Following the successful opening of its new Birmingham flagship store, PMT’s Simon Gilson tells Gary Cooper there’s plenty of life left in MI retail, If you’re prepared to get it right…
Outspoken, controversial, inclined to be a bit brash – you can say what you like about PMT but there is one word you mustn’t leave out – successful. MI retail chains have come and gone in this country – and in several cases gone spectacularly – but PMT, guided by its founding partners Simon Gilson and Terry Hope, shows no signs of flagging. In fact, if the June opening of the company’s new flagship store in Birmingham is anything to go by, the Essex-based chain is going from strength to strength, dispelling rumours that it had run out of steam by overcoming what could have been a planning catastrophe and opening its new shop with a record breaking sales figure and queues outside.
What had brought about the move? Why replace PMT’s top shop at all? Just what had happened to precipitate what must have been a logistical nightmare? Simon Gilson was typically frank about the process.
‘We opened in Birmingham almost 20 years ago – in a rented property – and then six or seven years ago got a phone call from an agent acting on behalf of the landlord, asking if there was a deal to be done. As always with Terry and me of course there’s a deal to be done, it’s just a question of the numbers, and after a fairly short period of time we felt we had a very good deal on a site we were more than happy to own.
Unbeknown to us, however, our friend the seller had what he thought was inside information that in five or six years that property would become worthless, because it was going to be completely isolated by the HS2 project.’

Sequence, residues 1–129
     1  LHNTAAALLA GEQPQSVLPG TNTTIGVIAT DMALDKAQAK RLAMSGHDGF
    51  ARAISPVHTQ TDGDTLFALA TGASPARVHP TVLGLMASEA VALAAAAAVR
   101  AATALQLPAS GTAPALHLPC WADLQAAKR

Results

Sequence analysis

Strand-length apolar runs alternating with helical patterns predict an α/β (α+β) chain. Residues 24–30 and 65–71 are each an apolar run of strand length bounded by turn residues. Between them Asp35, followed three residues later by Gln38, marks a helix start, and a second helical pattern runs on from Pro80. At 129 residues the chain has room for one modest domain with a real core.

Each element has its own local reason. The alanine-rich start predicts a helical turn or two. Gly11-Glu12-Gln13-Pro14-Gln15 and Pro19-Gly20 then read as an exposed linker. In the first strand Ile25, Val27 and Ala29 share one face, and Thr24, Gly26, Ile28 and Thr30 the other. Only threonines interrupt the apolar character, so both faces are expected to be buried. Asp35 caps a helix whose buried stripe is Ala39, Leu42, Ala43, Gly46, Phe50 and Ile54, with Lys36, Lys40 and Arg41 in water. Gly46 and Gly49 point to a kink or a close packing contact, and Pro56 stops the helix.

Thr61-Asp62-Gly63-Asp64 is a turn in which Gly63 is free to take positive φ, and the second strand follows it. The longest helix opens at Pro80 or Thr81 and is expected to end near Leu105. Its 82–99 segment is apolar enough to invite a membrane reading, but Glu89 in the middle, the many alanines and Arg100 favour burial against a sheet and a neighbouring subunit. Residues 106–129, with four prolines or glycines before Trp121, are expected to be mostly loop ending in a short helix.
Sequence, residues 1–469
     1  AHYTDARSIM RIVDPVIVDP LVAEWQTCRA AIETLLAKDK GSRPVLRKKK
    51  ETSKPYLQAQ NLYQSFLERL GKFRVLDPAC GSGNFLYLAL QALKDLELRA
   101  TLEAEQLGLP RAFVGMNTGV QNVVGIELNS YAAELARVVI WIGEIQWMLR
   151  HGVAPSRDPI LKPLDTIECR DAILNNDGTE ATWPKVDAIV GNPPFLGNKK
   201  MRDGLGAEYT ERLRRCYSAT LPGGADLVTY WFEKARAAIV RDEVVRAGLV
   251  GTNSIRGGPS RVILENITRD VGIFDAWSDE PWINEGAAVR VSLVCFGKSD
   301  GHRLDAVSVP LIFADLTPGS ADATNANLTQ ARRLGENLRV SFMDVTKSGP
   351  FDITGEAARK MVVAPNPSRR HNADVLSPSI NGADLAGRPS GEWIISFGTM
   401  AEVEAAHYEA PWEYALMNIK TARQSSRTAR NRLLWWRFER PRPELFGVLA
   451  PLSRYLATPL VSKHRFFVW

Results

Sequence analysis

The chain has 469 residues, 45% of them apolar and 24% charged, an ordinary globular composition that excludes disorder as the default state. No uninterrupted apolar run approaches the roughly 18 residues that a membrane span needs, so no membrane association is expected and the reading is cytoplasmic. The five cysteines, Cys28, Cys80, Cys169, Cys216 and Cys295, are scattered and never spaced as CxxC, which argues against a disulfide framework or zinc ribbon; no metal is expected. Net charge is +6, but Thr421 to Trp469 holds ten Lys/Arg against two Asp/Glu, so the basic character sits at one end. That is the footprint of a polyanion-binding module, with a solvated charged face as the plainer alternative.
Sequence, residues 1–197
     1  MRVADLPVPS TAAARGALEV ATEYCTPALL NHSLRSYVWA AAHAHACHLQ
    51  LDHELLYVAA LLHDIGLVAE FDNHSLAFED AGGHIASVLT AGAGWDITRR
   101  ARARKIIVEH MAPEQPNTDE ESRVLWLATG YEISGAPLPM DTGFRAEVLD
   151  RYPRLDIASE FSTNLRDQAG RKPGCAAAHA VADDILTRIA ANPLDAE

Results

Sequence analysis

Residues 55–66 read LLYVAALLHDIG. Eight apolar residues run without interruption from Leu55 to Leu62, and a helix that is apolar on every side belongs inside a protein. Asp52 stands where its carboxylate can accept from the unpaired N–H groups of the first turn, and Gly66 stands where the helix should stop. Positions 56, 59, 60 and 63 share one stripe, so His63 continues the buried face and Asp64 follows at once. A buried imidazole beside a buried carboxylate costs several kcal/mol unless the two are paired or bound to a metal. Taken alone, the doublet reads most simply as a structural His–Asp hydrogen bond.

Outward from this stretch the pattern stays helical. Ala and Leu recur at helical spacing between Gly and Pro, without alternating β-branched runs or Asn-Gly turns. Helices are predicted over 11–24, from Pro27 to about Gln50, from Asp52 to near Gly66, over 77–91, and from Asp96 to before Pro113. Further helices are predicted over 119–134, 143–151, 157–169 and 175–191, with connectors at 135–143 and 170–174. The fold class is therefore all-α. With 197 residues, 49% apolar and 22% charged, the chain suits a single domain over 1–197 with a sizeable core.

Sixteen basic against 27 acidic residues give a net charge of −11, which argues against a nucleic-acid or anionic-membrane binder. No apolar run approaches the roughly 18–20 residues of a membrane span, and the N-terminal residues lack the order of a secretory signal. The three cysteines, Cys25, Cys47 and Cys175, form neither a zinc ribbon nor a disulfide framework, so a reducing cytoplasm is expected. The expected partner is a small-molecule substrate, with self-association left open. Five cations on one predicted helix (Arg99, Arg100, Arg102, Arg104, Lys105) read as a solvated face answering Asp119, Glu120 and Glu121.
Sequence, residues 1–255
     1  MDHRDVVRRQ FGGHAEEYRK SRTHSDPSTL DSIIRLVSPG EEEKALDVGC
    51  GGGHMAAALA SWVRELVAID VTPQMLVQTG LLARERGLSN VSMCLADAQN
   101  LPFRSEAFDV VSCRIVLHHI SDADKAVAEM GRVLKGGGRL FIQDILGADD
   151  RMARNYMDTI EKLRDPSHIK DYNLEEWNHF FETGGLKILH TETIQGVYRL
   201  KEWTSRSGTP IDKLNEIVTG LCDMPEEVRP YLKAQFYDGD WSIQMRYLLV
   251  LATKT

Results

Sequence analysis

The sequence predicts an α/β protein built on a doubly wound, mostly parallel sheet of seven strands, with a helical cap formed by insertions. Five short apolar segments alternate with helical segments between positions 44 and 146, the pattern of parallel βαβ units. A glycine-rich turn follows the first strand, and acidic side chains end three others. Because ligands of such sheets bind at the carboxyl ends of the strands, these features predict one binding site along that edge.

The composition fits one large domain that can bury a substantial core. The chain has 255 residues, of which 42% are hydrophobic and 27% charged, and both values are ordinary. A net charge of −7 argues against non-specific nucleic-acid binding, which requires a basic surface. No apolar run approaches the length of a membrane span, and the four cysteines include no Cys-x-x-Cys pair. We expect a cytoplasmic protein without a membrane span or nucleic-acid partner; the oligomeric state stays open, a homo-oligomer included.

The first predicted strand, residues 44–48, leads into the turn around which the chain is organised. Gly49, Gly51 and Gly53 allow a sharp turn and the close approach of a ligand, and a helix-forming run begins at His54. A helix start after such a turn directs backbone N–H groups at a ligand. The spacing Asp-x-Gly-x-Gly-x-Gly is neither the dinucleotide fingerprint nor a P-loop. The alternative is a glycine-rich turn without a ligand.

When the implications finally reached them it came as a shock, Simon recalls: ‘It was a bit of a shot to the heart. Birmingham is our absolute flagship and a powerhouse for the company and we were looking at compulsory purchase, which can be a nightmare. But then, as this developed, and we were getting increasingly worried by the letters we were receiving, the surveyors went in and reported that we were a metre outside the area in which they had to compulsorily purchase the building. It meant that for up to six years we faced being completely cut off, without any sort of ability for customers to get to the store and yet they weren’t going to compulsorily purchase us. So where did that leave us?’
A well known creek comes to mind but fate had yet another card up its sleeve.
‘It was all a bit grim for quite some time until I got a very strange letter from the development company one day, possibly six months after all the s**t had hit the fan. We took another look and unbeknown to us they had actually rotated the main entrance to the train station for HS2 so that it faced us, making the plot one of the most valuable pieces of property in the town! Obviously we took the opportunity to sell!’
So how do you go about looking for a new store in Britain’s second biggest city, bearing in mind that the store has to take over from your most important shop, at at time when everyone is telling you that bricks and mortar retailing is all but done for?